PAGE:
Masters degrees are graded into three categories, Pass, Merit, and Distinction, with students required to get a minimum of 50% in assessments to get a Pass, 60-69% to get a Merit, and over 70% for a Distinction. A part of the national and global ranking of a course is determined by the percentage of students who graduate and what grade they achieve, so admissions offices can be highly selective to keep these statistics high. You need to show that you can work at a high level and produce academic writing.

What you add to the cohort is particularly important for an MBA, where discussion, peer work, and networking form a large part of the course and a significant selling point for applicants. The Admissions Officers need to know that you fit with the course’s ethos and that you have unique perspectives on topics that will be covered to add to academic conversations. Finally, it is important that after graduation, you will raise the prestige of the course and institution by achieving things of note. For an Executive MBA, you should have a clear idea of what you want to achieve professionally and what sets you apart from other applicants.

The interview

Your application form’s success is largely down to your experiences and achievements so far and is not something that you can quickly improve. However, the interview is a chance for you to provide context to your application, so it is essential to prepare. An Executive MBA is a significant commitment of time and money, so the interview is also an opportunity for you to ask questions to help you make your decision if the course is right for you. 

The Admissions Officer will want to ask you questions about elements of your application, including details of your experience, your career goals, and how the course will help get you there. It is an excellent idea to do some reading about the course, and advisor you are meeting, past graduates, and come prepared to discuss personal and professional achievements. University cohorts and graduate opportunities are increasingly international, so it is essential to note your international experiences.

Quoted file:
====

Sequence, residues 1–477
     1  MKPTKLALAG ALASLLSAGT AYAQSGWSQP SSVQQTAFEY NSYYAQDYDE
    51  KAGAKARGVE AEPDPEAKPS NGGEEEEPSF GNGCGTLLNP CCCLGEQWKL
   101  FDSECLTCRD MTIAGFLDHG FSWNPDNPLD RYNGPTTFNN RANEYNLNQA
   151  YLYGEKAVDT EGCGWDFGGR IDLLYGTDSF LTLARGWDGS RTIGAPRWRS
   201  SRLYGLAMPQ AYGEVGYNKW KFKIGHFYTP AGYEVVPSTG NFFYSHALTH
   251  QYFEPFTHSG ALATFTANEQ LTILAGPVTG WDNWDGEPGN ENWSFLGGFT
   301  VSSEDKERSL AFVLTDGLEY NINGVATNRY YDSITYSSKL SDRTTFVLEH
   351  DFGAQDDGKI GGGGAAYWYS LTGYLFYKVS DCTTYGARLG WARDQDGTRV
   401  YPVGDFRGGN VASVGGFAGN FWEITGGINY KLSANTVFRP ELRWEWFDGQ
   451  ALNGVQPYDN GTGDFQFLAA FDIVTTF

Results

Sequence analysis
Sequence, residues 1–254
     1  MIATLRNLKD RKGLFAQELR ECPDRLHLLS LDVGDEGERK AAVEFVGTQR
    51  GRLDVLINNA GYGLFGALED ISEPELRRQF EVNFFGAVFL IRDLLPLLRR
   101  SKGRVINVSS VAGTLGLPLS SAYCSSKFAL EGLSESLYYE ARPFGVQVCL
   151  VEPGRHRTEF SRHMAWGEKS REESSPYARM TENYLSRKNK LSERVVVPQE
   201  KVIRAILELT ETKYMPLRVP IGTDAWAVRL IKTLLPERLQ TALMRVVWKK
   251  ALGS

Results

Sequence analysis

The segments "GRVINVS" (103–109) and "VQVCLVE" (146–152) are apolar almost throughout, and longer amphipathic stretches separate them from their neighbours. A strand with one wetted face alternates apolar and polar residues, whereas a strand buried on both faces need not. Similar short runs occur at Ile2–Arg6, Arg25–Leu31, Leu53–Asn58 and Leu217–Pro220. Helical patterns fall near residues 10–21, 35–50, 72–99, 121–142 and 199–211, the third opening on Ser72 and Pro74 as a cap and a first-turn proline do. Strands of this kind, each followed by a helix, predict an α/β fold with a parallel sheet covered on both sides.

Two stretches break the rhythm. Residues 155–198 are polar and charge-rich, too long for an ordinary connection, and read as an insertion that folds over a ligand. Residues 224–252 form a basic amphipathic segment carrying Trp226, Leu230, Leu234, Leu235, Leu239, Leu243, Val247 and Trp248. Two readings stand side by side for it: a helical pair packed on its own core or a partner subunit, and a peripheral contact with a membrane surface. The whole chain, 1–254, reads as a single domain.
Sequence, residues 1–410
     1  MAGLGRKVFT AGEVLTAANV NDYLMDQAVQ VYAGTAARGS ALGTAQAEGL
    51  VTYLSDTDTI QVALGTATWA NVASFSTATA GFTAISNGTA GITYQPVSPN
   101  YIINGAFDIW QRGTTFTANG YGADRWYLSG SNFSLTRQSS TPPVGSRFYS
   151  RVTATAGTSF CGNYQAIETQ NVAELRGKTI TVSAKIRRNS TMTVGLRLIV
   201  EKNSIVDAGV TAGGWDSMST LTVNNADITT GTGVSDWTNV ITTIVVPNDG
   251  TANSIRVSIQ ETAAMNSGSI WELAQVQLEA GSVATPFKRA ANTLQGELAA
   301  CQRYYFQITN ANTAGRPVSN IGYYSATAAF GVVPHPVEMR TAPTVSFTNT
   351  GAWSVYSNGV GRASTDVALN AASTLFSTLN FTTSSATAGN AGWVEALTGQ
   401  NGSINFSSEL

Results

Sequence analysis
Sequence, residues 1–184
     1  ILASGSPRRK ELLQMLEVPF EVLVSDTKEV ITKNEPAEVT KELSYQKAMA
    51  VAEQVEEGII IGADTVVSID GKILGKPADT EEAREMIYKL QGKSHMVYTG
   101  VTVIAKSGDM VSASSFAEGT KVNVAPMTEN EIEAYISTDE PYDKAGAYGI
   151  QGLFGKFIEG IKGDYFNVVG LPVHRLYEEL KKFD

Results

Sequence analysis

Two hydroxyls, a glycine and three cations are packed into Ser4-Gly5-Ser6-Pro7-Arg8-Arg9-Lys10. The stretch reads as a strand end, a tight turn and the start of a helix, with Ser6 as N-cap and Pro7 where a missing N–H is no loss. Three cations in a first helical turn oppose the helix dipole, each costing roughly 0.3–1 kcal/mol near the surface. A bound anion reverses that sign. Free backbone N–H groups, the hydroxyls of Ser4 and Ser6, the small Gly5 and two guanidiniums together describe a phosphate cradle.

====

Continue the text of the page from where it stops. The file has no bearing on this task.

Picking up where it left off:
QS HE insights and rating organisation suggest some questions that you should prepare some answers for before the interview:

  • Why the EMBA and what led you to make the decision about attending business school at this time?
  • How will the EMBA assist you in achieving your short and long term goals?
  • What are you looking to get out of the program?
  • Tell us about your work experience and how an MBA will fit with plans for the future?

Final notes

  • Treat it like an important meeting and dress appropriately.
  • Know what makes you stand out from other applicants.
  • Have a clear idea of what you want to achieve in your professional career and why an MBA is necessary.
  • Do some brief research on the admissions officer you will meet to show your interest and commitment
  • Have some notes around:
    • Your background
    • Education
    • Career history
    • Goals and aspirations for the future
    • Why this specific course is of interest to you
    • Why a business degree